I could say more about the rest of your comment but just checking if the above changes your model of my model significantly?

Also regarding "I think I’m much more open-minded than you to ...": to be clear, I'm not at all convinced about this I'm open to this distinction not mattering at all. I hope I didn't come accross as not open minded about this.

There’s sorta a use/mention distinction between:

  • An AGI with the motivation “I want to follow London cultural norms (whatever those are)”, versus
  • An AGI with the motivation “I want to follow the following 500 rules (avoid public nudity, speak English, don’t lick strangers, …), which by the way comprise London cultural norms as I understand them”

Normally I think of “value learning” (or in this case, “norm learning”) as related to the second bullet point—i.e., the AI watches one or more people and learn their actual preferences and desires. I also had the impression that your OP was along the lines of the second (not first) bullet point.

If that’s right, and if we figure out how to make an agent with the first-bullet-point motivation, then I wouldn’t say that “the value learning problem is already solved”, instead I would say that we have made great progress towards safe & beneficial AGI in a way that does not involve “solving value learning”. Instead the agent will hopefully go ahead and solve value learning all by itself.

(I’m not confident that my definitions here are standard or correct, and I’m certainly oversimplifying in various ways.)

Upvoted for an interesting direction of exploration, but I'm not sure I agree with (or understand, perhaps) the underlying assumption that "natural-feeling" is more likely to be safe or good.   This seems a little different from the common naturalistic fallacy (what's natural is always good, what's artificial is always bad).  It's more a glossing over the underlying problem that we have no Safe Natural Intelligence - people are highly variable and many many of them are terrifying and horrible.
 

The thing underlying the intuition is more something like: We have a method of feedback that humans understand and that works fairly well, and is adapted to the way values are stored in human brains. If we try to have humans give feedback in ways that are not adapted to that, I expect information to be lost. The fact that it "feels natural" is a proxy for "the method of feedback to machines is adapted to the way humans normally give feedback to other humans" without which I am at least concerned about information loss (not claiming it's inevitable). I don't inherently care about the "feeling" of naturalness.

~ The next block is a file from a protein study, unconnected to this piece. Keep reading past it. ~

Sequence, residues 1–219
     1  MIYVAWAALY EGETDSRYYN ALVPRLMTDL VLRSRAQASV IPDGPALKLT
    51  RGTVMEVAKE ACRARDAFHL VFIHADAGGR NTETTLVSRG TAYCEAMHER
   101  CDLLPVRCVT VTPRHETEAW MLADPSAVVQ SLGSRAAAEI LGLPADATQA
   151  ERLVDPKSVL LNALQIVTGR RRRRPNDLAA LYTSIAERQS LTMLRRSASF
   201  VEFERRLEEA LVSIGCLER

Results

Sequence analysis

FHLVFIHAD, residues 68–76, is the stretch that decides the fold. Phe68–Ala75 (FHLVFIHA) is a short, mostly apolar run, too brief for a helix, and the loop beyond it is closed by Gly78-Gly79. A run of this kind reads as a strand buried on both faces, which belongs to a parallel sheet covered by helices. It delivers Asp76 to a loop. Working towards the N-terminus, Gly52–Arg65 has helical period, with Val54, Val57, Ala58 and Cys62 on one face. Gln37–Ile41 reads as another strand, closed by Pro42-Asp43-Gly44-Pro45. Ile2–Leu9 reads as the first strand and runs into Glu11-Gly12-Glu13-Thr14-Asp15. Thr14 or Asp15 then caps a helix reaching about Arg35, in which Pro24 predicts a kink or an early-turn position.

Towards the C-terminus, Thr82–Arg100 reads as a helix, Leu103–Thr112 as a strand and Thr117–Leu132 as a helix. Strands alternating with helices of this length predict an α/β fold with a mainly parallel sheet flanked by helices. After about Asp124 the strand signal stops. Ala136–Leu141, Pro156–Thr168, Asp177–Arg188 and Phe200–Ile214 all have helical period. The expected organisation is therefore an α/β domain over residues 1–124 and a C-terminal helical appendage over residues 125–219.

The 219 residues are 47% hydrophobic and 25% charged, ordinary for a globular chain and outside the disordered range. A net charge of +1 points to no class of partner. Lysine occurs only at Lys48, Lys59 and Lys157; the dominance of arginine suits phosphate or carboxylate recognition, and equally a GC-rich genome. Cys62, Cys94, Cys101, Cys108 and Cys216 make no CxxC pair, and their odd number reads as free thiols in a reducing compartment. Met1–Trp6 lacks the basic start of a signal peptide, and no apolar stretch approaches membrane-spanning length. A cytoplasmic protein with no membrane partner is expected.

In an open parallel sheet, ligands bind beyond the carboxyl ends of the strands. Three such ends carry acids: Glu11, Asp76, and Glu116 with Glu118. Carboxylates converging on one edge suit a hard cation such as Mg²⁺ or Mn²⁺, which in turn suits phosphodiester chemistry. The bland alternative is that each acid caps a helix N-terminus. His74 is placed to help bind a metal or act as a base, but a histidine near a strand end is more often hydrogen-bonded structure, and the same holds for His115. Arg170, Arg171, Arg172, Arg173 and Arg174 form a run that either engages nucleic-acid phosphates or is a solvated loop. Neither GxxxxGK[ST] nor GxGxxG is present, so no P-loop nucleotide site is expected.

Regarding no Safe Natural Intelligence: I agree that there is no such thing, but this is not really a strong argument against? This doesn't make me somehow suddenly feel comfortable about "unnatural" (I need a better term) methods for humans to provide feedback to AI agents. The fact that there are bad people doesn't negate the idea that the only source of information about what is good seems to be stored in brains and that we need to extract this information in a way that is adapted to how those brains normally express that information.

Maybe I should have called it "human-adapted methods of human feedback" or something.

Regarding no Safe Natural Intelligence: I agree that there is no such thing, but this is not really a strong argument against?

I think it's a pretty strong argument.  There are no humans I'd trust with the massively expanded capabilities that AI will bring, so I have to believe that the training methods for humans are insufficient. 

We WANT divergence from "business as usual" human beliefs and actions, and one of the ways to get there is by different specifications and training mechanisms.  The hard part is we don't yet know how to specify precisely how we want it to differ.

I dunno, I'm not at all sure what "naturalness" is supposed to be doing here below the appearance level - how are the algorithms different?

I haven't specified anything about the algorithms, but they will maybe somehow have to be different. The point is that the format of the human feedback is different. Really this post is about the format in which humans provide feedback rather than about the structure of the AI systems (i.e. a difference in method of generating the training signal rather than a difference in learning algorithm).